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The Almanac

July 31, 2007 at 3:30 AM   |   Comments

Today is Tuesday, July 31, the 212th day of 2007 with 153 to follow.

The moon is waning. The morning stars are Mars, Uranus, Mercury and Neptune. The evening stars are Jupiter, Venus and Saturn.

Those born on this date are under the sign of Leo. They include author and jurist James Kent in 1763; Confederate Army guerrilla leader William Quantrill, in 1837; pollster Elmo Burns Roper Jr., in 1900; economist Milton Friedman and former TV talk-show host and columnist Irv Kupcinet, both in 1912; actor Don Murray in 1929 (age 78); actress France Nuyen in 1939 (age 68) and Geraldine Chaplin in 1944 (age 63); singer Gary Lewis in 1945 (age 62); Australian tennis player Evonne Goolagong in 1951 (age 56); and actors Wesley Snipes in 1962 (age 45) and Dean Cain ("Lois and Clark: The New Adventures of Superman") in 1966 (age 41).


On this date in history:

In 1498, on his third voyage to the New World, Christopher Columbus discovered the island of Trinidad.

In 1556 Ignatius of Loyola, founder of the Jesuit order of Roman Catholic missionaries and educators, died in Rome.

In 1792, director David Rittenhouse laid the cornerstone in Philadelphia for the U.S. Mint, the first building of the federal government.

In 1964, Ranger 7, an unmanned U.S. lunar probe, took the first close-up images of the moon.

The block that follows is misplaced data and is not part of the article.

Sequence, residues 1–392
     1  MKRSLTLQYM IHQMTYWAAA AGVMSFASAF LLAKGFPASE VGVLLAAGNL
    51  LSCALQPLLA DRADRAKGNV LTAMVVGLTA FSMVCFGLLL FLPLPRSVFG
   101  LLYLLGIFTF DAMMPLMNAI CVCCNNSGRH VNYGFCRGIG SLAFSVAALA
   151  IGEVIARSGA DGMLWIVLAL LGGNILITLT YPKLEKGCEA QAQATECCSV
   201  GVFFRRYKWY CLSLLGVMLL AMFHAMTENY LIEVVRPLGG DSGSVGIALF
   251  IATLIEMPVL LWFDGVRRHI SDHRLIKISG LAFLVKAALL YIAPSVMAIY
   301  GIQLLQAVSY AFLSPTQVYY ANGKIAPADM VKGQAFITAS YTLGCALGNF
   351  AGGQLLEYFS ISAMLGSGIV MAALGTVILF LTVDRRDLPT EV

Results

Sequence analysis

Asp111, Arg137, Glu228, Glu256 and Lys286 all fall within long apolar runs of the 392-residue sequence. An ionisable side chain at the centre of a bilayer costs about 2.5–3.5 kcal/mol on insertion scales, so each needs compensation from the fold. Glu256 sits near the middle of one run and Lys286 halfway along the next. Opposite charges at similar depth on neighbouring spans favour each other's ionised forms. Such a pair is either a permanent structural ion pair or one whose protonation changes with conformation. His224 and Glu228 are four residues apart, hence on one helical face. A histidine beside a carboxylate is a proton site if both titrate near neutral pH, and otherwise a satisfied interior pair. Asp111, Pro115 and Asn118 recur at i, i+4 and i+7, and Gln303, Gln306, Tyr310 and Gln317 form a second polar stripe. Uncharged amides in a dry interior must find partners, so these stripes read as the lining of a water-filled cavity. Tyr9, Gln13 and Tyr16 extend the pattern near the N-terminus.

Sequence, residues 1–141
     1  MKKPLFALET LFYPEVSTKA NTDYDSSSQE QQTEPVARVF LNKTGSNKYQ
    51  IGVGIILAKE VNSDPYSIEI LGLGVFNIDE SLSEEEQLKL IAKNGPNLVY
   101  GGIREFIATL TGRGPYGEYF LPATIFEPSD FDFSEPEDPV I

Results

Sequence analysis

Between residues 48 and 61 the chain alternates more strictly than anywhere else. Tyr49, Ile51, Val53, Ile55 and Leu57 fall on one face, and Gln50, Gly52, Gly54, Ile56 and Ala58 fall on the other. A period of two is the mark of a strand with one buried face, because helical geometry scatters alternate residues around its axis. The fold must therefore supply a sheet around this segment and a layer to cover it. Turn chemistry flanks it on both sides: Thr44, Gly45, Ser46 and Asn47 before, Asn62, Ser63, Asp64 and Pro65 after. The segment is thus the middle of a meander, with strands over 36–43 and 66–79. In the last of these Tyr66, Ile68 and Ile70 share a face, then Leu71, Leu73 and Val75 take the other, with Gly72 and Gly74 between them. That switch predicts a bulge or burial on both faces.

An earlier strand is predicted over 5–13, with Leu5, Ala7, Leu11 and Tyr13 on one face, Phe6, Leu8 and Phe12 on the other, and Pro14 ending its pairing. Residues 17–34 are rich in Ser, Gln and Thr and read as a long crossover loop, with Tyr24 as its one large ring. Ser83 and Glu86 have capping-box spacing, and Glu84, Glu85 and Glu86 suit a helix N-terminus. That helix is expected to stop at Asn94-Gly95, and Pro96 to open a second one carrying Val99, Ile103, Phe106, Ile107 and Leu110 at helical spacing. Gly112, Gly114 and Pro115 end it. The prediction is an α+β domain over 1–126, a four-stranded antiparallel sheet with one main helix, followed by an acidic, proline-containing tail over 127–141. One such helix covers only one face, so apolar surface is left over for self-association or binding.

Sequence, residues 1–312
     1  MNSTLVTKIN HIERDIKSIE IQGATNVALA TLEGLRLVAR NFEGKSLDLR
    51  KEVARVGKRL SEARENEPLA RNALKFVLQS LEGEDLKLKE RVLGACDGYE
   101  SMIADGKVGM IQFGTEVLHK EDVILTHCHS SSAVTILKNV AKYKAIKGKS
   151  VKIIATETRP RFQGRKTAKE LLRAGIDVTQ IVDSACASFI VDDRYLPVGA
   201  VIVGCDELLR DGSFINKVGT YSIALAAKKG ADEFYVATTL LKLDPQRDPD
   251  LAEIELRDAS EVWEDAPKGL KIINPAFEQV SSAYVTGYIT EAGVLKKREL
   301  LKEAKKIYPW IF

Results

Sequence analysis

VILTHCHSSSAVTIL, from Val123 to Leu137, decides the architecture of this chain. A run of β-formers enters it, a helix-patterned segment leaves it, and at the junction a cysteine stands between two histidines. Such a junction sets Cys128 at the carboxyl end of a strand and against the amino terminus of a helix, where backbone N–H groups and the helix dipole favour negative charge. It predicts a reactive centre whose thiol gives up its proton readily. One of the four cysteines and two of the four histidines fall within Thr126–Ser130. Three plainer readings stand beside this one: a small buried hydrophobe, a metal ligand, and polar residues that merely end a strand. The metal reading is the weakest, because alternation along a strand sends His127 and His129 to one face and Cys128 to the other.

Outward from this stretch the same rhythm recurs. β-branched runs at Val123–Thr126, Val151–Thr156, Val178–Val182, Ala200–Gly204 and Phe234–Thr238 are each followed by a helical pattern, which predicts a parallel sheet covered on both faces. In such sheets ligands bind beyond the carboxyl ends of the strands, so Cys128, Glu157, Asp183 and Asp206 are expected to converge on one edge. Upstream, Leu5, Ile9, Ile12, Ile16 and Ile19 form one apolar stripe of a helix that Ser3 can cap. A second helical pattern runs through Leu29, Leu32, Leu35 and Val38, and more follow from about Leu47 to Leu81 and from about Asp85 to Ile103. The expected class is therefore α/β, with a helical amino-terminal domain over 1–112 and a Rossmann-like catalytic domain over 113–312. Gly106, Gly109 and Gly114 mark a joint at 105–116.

In 1974, Watergate figure John Ehrlichman was sentenced to 20 months in prison for his role in the break-in at the office of Daniel Ellsberg's psychiatrist. Ellsberg was the Pentagon consultant who leaked the "Pentagon Papers," documents about the war in Vietnam.

In 1991, the U.S. Senate overturned a 43-year-old law and voted to allow women to fly military warplanes in combat.

In 1992, all aboard were killed when a Thai Airways jetliner carrying more than 100 people, including 11 Americans, crashed in bad weather in Nepal.

In 1995, the Walt Disney Co. announced it was buying Capital Cities/ABC for $19 billion.

In 2002, the Commerce Department estimated economic growth in the second quarter at a meager 1.1 percent, indicating the recession of 2001 was worse than originally estimated.

Also in 2002, Alimzan Tokhtakhounov, a reputed Russian crime figure, was arrested at his resort in Italy on charges he tried to fix two ice skating events at the Salt Lake City Olympic Games.

In 2003, North Korea reversed its long-standing opposition to multilateral talks on its nuclear weapons program.

In 2004, Pakistani investigators blamed al-Qaida for an assassination attempt on Prime Minister-designate Shaukat Aziz. Eight people died in the suicide bombing attack.

In 2005, wary health officials, planning for a possible flu pandemic, told reporters that the world is unprepared for such an outbreak, lacking public awareness and medicine.

In 2006, Cuban dictator Fidel Castro, two weeks before his 80th birthday, formally transferred power temporarily to his brother Raul in preparation for intestinal surgery.


A thought for the day: Alexander Dumas the Younger said, "Business? It's quite simple. It's other people's money."

© 2007 United Press International, Inc. All Rights Reserved. Any reproduction, republication, redistribution and/or modification of any UPI content is expressly prohibited without UPI's prior written consent.
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